Tue 31st Mar 2015 | News
Insomniac Games’ Gavin Goulden stopped by Marmoset’s GDC booth to talk PBR, character setup and how Toolbag 2 has become an essential part of his workflow.
Be sure to check out Gavin’s portfolio as well: gavimage.com/
Volvo UK has launched LifePaint, a safety product designed to enhance the safety of cyclists riding at night. Developed in consultation with Swedish startup company Albedo100 and Grey London, the transparent safety spray is designed to light up at night under the glare of headlights. The spray can be applied to almost any fabric, including clothes, shoes, strollers, children’s backpacks, even dog leads and collars. It can be washed off and lasts for about a week after application. Volvo is giving away 2000 cans of LifePaint at six bicycle shops in London and Kent. If successful the project will be expanded across the UK, with the option of global expansion. The Volvo LifePaint campaign, online at volvopaint.com, is designed to Volvo’s new XC90 car, which is built with added safety features.
“Our job isn’t just to advertise our clients,” said Nils Leonard, chairman and CCO of Grey London. “It’s to help them make a positive impact on culture. With the creation of LifePaint, we’ve turned Volvo safety inside out, giving it away to the most vulnerable road users. What more positive action can a brand take than to try to save lives?”
Grey also used LifePaint to create “invisible” black posters that only reveal their message in the flash of a smartphone.
“This is the sort of work we want to be making,” says Grey London creative director Hollie Newton. “Properly integrated innovation. Design a valuable, remarkable product for a brand, and then launch it with the same level of craft.”
The Volvo Life Paint campaign was developed at Grey London by chief creative officer Nils Leonard, creative director Hollie Newton, creative team Jonas Roth, Rasmus Smith Bech, planner Wiktor Skoog, head of film Glenn Paton, integrated producer Francesca Mair, assistant producer Talia Shear, designer/typographer Chris Chapman, creative producers Helen Llewelyn and Glen McLeod, account team Cristyn Bevan, Sophie Critchley and Alex Nixon.
LifePaint was produced in collaboration with Albedo100.
Editor was Matt Newman at GreyWorks. Colorist was Julien Biard at Finish. Post production was done at Gramercy Park Studios by VFX supervisor/lead Flame artist Mark Beardall, 2D artists Jamie Russell, Steve Miller, Kalle Kohlström, post producer Annika Gustavsson.
The microsite was developed by Paul Cackett, Piers Cleveland-Copeman and Johan Runge-Goransson at clear.as.
Watch the sheepdog of the future Shep the Drone as he moves sheep from one field to another. Filmed by Paul Brennan in Carlow Ireland. To use this video in a commercial player or in broadcasts, please email email@example.com
The award-winning graphic designer decodes why the simple shapes of a logo can have such great impact . “Design can be a lonely thing,” says Michael Bierut in the second part of this exclusive Design Indaba interview. “As you acquire that skill [in design] you are actually making yourself less normal than regular people.” Designers are sensitised to things other people don’t even notice, he says – the way the curves of a typeface echo each other, for example, or the subtle changes in a logo. Though the work of the designer is social because it requires the user to make sense of it, there is an element of solitude to the design process. “Because you are always in your head,” says Beirut, “and you don’t know what effect it’s going to have until you do it.” We tend to fixate on the power of logos in today’s hyper-aware consumer culture, which Bierut is quick to disarm. “I don’t want to overemphasise logos in the world. I think that if you act with intelligence and integrity and consistency you’ll develop a brand. Whether you are a person or a non-profit, a small organisation or a giant corporation.” What he does think of as particularly interesting about logos however, is the meaning that gets instilled in them over the course of their usage. “What’s fun about logo design, what makes it so interesting, why it holds so much power for all of us is that there is something very primitive about it,” he says. “Many of them are such simple marks. They are not much further evolved than hieroglyphics, or marks on cave walls from millions of years ago.” What happens with a logo, explains Bierut, takes place only partly in the symbol; the rest we do with our minds as we connect the symbol to all the associations we have with what it means. “What’s interesting, particularly about that kind of telegraphic communication is that it it is inherently participatory.” It is this interactive and social quality of design work that lends the profession what Bierut can only describe as “a kind of magic”. In Part 1 of this interview Michael Bierut talks about the process of writing his new book, How to: Use graphic design to sell things, explain things, make things look better, and (every once in a while) change the world, in which he looks back on his life and career in a series of amusing and interesting How to’s.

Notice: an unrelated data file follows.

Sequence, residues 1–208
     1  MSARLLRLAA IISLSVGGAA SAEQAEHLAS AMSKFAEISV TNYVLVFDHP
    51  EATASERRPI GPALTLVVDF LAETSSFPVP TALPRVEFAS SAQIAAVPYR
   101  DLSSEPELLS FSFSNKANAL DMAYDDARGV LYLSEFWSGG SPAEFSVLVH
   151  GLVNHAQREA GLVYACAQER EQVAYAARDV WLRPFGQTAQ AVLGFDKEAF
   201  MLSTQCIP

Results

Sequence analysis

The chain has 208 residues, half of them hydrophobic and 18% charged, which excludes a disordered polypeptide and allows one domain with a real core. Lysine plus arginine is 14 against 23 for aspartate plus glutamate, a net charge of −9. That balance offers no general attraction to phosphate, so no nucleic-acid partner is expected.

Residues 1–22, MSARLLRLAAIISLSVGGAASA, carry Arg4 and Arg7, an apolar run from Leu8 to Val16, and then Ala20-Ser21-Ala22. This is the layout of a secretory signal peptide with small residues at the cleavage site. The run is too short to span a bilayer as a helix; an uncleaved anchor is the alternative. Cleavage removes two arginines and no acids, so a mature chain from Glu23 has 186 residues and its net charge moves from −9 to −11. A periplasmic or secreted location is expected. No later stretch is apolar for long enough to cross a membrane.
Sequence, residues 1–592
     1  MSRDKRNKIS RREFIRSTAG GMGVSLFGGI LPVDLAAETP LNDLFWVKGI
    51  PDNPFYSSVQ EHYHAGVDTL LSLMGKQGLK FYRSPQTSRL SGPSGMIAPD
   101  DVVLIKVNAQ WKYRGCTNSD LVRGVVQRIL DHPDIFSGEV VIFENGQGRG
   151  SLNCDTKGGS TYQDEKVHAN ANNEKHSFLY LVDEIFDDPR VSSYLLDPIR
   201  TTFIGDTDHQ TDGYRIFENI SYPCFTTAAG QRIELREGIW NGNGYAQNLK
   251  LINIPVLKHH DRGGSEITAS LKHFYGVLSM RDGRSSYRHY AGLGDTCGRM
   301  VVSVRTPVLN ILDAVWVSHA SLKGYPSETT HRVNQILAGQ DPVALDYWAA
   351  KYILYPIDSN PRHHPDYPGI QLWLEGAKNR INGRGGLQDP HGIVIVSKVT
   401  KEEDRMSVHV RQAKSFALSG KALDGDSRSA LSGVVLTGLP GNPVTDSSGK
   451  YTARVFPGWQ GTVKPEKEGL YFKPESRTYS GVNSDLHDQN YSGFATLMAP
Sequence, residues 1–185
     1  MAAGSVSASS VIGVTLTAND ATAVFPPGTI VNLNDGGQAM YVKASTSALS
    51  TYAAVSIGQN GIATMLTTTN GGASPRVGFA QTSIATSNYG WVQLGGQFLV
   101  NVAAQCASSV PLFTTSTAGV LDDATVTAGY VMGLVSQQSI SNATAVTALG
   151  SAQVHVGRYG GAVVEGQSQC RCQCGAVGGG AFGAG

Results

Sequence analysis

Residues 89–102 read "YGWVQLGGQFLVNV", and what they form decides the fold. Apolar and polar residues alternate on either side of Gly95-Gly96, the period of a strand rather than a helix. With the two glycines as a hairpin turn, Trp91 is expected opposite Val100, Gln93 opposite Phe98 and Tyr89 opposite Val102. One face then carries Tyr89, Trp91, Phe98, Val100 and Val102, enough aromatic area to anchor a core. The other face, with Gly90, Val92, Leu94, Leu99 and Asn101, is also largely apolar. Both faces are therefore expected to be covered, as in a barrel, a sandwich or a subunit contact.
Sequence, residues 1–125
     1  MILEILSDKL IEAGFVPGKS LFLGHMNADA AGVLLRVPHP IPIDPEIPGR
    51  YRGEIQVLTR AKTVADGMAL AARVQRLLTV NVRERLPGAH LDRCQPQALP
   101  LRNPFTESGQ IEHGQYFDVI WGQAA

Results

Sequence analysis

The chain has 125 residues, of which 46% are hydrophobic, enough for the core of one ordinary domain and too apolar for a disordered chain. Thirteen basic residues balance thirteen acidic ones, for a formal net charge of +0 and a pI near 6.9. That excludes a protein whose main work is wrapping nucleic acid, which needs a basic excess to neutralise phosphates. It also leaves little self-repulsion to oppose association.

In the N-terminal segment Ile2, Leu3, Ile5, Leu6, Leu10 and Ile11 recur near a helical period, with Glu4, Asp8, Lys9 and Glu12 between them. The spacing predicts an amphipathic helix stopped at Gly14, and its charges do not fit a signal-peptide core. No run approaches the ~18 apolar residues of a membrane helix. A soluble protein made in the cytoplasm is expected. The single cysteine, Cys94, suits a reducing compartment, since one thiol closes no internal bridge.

WE HAS NEW WEBSITE AND REEEEEEEEEEL! blackmath.com Music: War – WCWBF – remixed by us 😀
Music video by Living Colour performing Glamour Boys. (C) 1989 SONY BMG MUSIC ENTERTAINMENT